Perhaps all novels are genre mashups, in some sense. Or at least, any novel has several key influences circulating within it, informing its tone, the tendencies of its characters and the directions of its plot. Few romantic novels are exclusively about the mechanisms of two people becoming a couple. Few SF novels concern solely scientific concepts.
But the pitch for my novella Universal Language is more overt than most. It’s an SF murder mystery. I’ll be honest: it’s refreshing to be able to pitch one of my books in such simple terms. You like SF? You like murder mysteries? Come over and take a look!
I’ve always loved Victorian crime fiction, and I suppose the locked-room mystery is the pinnacle of the form. It’s often struck me that plotting a novel is similar to reading mystery fiction – you’re confronted with an impossible-seeming problem, then you turn it around in your mind, searching for possibilities, weighing up likelihoods. Mystery novels are by default an interactive experience. Universal Language features a map hand-drawn by the detective, Abbey Oma, in homage to Gaston Leroux’s The Mystery of the Yellow Room, the ultimate locked-room novel which contains a map that makes tracking the development of the mystery overtly a spatial puzzle as much as a story. Even mystery novels that lack these visual cues require readers to construct a mind’s-eye model of settings, such as the chamber and long street that are the central geographical features in John Dickson Carr’s masterful The Hollow Man.
Allowing myself the additional indulgence of setting my novella on Mars actually served to lower the stakes rather than complicating the scenario. Perhaps, unconsciously, I was daunted by the idea of constructing a gaslit crime novel like those I love. (I’m over the hump now: my next two novels will be Sherlock Holmes mysteries.) The setting also let me pay respects to my other great fictional love: golden-age SF. Like Ray Bradbury’s vision of the planet in his stories collected as The Martian Chronicles, my Mars is populated with colonists dwelling on their past and their old world, facing isolation and ruin. It’s no surprise that this scenario proves fertile ground for a murder mystery: a fixed cast of suspects, each with their specialisms and particular hang-ups.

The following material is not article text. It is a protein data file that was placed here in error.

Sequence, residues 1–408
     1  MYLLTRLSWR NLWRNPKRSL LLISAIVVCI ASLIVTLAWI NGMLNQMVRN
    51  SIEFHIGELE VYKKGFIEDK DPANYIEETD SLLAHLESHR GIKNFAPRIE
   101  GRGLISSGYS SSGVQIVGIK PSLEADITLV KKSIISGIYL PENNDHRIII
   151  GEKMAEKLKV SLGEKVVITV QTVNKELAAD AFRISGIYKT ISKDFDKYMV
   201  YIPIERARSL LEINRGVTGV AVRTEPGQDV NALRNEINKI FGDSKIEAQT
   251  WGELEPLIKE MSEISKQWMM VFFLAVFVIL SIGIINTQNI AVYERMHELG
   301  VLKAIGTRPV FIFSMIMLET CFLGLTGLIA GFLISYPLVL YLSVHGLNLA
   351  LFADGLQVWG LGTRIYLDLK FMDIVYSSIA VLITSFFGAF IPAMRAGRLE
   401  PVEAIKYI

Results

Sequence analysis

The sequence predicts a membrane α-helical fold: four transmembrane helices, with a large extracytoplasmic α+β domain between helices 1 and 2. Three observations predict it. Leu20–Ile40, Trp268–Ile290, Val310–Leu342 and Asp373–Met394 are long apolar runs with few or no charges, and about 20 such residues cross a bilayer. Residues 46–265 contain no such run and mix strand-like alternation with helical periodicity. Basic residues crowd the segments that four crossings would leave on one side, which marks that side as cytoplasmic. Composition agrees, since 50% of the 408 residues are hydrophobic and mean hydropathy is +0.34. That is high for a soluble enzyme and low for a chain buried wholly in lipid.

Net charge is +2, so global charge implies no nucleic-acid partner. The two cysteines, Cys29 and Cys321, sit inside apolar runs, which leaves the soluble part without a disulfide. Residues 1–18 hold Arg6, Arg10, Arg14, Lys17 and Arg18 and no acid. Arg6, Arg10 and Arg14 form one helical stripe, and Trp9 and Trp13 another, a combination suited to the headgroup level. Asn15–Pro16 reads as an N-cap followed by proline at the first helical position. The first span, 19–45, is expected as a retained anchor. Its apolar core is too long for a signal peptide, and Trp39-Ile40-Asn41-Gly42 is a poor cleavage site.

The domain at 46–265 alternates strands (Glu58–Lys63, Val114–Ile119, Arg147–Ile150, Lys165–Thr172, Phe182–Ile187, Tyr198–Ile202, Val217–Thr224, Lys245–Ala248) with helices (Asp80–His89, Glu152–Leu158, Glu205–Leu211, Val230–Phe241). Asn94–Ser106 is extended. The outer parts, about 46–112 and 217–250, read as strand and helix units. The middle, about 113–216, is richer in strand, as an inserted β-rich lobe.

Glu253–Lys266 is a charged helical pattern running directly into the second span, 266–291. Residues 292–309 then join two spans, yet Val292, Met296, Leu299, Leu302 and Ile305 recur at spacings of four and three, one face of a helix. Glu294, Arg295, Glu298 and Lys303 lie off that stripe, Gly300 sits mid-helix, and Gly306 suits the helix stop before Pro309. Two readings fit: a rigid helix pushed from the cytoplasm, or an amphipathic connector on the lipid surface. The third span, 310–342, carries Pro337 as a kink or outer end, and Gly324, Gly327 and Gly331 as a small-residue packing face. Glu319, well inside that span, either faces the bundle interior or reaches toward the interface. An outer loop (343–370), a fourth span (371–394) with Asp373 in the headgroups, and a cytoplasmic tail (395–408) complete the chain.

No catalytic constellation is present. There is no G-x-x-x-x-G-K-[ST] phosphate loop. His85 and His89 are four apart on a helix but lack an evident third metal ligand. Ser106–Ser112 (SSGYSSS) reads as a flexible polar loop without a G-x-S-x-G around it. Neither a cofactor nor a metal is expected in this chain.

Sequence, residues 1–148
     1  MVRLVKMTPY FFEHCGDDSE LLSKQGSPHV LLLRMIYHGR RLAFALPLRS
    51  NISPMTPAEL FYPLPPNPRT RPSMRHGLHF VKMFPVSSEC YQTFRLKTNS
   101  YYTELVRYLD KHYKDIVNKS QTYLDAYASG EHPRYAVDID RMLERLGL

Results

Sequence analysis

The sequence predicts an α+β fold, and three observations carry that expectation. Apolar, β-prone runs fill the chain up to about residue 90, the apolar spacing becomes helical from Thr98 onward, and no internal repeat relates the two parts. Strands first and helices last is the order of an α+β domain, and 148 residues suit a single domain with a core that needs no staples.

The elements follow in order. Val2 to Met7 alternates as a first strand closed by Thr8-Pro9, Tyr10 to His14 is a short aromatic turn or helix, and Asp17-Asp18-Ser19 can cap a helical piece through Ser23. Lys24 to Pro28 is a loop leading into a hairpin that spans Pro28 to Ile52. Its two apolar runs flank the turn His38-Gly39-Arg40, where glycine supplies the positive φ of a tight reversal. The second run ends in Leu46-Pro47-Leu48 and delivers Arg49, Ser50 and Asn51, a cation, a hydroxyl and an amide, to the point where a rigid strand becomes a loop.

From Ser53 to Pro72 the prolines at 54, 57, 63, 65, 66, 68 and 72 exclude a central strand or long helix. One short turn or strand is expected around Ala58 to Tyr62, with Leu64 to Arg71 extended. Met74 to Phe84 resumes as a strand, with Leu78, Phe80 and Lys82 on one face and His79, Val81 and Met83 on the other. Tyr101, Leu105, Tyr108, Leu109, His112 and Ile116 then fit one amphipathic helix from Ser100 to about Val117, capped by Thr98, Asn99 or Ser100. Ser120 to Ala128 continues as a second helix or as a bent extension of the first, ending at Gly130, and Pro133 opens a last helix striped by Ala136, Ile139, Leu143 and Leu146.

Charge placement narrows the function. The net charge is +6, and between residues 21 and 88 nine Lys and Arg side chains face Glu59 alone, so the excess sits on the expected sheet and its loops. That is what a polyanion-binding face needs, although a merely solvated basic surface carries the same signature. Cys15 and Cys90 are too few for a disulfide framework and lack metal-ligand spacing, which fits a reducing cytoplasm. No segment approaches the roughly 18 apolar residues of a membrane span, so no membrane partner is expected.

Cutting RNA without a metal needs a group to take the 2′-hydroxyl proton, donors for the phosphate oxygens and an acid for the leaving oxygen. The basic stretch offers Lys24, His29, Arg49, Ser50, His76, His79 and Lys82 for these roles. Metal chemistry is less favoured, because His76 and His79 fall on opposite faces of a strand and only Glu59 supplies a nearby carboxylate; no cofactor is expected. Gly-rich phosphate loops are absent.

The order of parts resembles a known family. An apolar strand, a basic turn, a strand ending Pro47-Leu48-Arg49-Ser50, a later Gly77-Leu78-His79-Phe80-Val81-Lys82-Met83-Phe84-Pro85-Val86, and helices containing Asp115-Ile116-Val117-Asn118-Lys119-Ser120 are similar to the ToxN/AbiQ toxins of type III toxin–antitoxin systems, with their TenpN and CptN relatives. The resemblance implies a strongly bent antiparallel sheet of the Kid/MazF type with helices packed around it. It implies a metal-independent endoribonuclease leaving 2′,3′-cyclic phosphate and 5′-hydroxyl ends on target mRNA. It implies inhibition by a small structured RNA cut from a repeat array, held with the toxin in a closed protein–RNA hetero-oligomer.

The inclusion of robots provided another satisfying wrinkle to the plotting of a whodunnit. A servile ‘aye-aye’ robot is the sole suspect of the murder of a human scientist – yet the Asimovian protocols determining its behaviour don’t allow it to harm humans. Add in the detail that the body is discovered in a room not only locked but also airlocked, and you have yourself a seemingly impossible crime.
What surprised me when writing this novella was how much fun I was having. Part of that was the creation of the private-eye ‘Optic’ Abbey Oma, an acerbic offcomer who treats the crime and the colonists alike with frustrating irreverence, and who adopts as her Watson the puppyish Franck Treadgold. More than anything, writing the story as Abbey’s shaggy-dog tale (to an unknown – at first – listener) added a human dimension that might otherwise have been lacking.
Despite its fairly blatant influences, I think that Universal Language is its own peculiar beast, and Abbey Oma a peculiarly engaging character. I hope that readers will agree.
Tim Major’s Universal Language is out now, published by NewCon Press in the UK.